Saturday, April 11, 2009

The Modern Family Cookbook

Here's one more of Grandma's things that I have to share - The Modern Family Cookbook, by Meta Given. The spine is just about non-existent, and it's got that great old book smell. While I'm sure there are some lovely dishes in this book, the ones pictured tended to look a lot like selections from the Gallery of Regrettable Foods. The most interesting part is the text, by far.

As you can see from the inscription, this was 1944 modern, so hold on to you hats, ladies. I have to wonder if Grandma was rolling her eyes at this stuff, too, the first time she flipped through this tome. The author was apparently big on "creeds." There are 4-5 major creeds peppered throughout the book, to guide the happy homemaker. Here's a portion of my ultimate favorite: The Family Hostess' Creed.


That's right people. Once you're a wife and mother, you transition from being a member of the household to being the hostess of a never ending party! The guests never leave, they take your hostessing skills for granted and somehow you end up doing everyone's laundry...

This is such an alien idea now - as if you are the one that doesn't belong here, and everyone elses's comfort is somehow waaaaay more important than yours. And you know what's even crazier, is that many women are still operating like this, unconsciously! Not that taking care of your family isn't important, or that you can't get enjoyment and satisfaction from it. The implication is that hostessing the family is now your only purpose on the earth, and to do anything for yourself is somehow a failure of your duties! Watch out, wifey. If anyone's grumpy is the fam. it's clearly your fault for using paper plates last night.

I just like the wording on this one: I will preserve as far as possible the nutritive elements in the foods which are delivered to me. Ummm, delivered by whom? Woodland creatures? I know back in the day the grocery store actually could bring food to you, but, I mean, I just picture a harried wife looking at a random pile of foods brought to her by some clueless person and trying to make an enjoyable meal. This homemaker is starting to sound like she's not allowed to leave the house, or even request specific ingredients!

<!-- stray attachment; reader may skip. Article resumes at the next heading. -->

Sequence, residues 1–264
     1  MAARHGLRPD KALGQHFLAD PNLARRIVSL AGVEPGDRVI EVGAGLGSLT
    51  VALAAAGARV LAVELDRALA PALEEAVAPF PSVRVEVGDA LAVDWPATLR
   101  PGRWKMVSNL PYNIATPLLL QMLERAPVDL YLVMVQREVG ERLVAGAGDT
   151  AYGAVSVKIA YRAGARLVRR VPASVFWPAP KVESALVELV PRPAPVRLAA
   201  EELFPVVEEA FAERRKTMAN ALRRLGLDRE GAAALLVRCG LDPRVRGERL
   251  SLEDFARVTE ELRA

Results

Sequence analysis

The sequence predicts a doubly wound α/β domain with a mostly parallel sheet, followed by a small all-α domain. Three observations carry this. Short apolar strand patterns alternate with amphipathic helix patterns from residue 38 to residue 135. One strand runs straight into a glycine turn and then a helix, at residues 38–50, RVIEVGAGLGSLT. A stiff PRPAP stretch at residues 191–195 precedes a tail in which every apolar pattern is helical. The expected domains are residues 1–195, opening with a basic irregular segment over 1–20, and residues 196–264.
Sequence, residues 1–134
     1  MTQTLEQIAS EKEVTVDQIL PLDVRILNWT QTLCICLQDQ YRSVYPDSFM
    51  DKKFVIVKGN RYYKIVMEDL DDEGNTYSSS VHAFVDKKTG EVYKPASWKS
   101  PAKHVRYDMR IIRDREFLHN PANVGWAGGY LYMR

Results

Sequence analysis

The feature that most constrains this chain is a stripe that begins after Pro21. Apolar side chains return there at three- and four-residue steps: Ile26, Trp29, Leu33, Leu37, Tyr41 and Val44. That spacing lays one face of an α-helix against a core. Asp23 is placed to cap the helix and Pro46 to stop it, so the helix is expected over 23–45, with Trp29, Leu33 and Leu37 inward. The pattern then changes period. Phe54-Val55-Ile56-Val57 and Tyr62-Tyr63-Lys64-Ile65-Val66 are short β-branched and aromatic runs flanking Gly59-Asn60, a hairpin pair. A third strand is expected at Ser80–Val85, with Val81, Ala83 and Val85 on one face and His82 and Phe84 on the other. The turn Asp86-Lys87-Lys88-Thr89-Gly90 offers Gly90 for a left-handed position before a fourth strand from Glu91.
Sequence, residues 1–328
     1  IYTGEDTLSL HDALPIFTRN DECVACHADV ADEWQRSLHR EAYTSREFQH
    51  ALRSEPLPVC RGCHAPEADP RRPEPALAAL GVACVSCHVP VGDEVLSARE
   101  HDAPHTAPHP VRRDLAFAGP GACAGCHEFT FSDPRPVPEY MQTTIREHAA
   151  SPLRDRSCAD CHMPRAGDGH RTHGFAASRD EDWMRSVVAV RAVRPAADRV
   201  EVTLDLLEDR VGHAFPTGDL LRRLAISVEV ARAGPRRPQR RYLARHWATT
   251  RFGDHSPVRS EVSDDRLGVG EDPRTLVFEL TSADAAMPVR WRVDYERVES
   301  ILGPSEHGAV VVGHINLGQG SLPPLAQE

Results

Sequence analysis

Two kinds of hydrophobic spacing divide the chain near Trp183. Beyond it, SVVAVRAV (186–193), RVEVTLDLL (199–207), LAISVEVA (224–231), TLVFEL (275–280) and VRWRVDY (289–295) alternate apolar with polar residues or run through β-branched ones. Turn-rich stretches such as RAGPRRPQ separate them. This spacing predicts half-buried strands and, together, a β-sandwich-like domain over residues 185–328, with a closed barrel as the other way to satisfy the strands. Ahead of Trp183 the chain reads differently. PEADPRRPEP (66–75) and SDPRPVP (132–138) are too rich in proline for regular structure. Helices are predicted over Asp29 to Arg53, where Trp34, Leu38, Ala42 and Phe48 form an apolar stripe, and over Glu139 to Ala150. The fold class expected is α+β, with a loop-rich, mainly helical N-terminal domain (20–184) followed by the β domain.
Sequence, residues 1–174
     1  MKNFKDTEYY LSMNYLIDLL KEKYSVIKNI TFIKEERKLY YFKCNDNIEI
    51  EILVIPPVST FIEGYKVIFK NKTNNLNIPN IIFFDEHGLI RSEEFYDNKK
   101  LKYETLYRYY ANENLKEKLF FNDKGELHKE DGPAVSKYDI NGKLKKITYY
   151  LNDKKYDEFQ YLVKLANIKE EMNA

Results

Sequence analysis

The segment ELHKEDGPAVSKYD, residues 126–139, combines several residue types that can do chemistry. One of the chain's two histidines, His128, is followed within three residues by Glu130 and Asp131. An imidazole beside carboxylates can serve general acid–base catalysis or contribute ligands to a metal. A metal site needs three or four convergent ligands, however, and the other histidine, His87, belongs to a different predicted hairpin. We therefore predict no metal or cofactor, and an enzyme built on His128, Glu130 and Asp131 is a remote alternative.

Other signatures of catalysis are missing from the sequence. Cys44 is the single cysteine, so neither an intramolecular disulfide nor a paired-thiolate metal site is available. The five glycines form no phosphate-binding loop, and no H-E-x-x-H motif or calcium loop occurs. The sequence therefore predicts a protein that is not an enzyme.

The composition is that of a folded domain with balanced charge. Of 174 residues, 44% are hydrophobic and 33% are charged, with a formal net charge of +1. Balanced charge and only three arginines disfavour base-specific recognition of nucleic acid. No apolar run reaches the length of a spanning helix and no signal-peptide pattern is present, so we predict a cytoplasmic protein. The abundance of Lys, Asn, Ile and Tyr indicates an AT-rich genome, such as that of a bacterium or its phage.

"Let's see what hubby ordered for us! Okay, we have a cantaloupe, some celery, dried beef and a box of plain gelatin. That silly man! Oh, if only I were allowed to go the grocers! Well, it looks like beef celery aspic with cantaloupe relish again tonight. Although, how I will ever preserve and enhance the attractive qualities of these foods, I don't know."

Wow - a whole chapter on dishwashing! Now, I realize there are probably lots of handy housework tips and tricks out there that I could benefit from, and that a person can truly be an expert of running a house (thanks for the pressure Martha). But, really, a whole chapter on managing dishes? It's not as if they're mobile and sentient and you have to convince them to jump into the soapy water so that you can scrub them clean, rounding up those pesky forks and juice glasses, like a scene from The Magician's Apprentice. But hey, maybe my kitchen would be cleaner if I read this chapter. Who knows?

I guess the difference between a household management book from 60 years ago and a current day one is that, now, the book is trying to help without creating a deep seated anxiety in you that now, everyone's happiness is suddenly under your watch. That you could potentially ruin someone's happiness by making the wrong household move. Hopefully that's the case. Maybe now they just pile on the guilt in a less ham fisted way. And now you get to do all this crap after you just spent 8 hours doing more stressful crap somewhere else. Either way, it's pretty interesting looking at an artifact of pre-feminist American life, and just thinking about the changes.

3 comments:

Cat said...

I am seriously laughing hysterically at your commentary. I love those creeds! I know my own grandmother would have laughed at it all, too. (She was a way-cool chicky, let me tell ya!)

Wait . . . you mean my family members' emotions and feelings aren't all my fault? What would Freud say about that? I thought EVERYthing was the mother's fault?!?!?

Thanks for sharing - this is an excellent post, and as I've just been thinking about posting about family stuff, I'm going to link to it. :-)

DiannaB said...

Crazy stuff, right?! Thanks for the comment :)

katie said...

Ha! Dianna, I didn't know you were so funny! (Sorry, I do mean that as a compliment. @Cat is right--your commentary on this was hilarious!)

Also, your blog header is gorgeous. Soooo gorgeous! I need you and Amanda to help me fix my lame-o one! Anytime I get myself psyched up to try to tackle it, the photos get cropped all weird and I give up.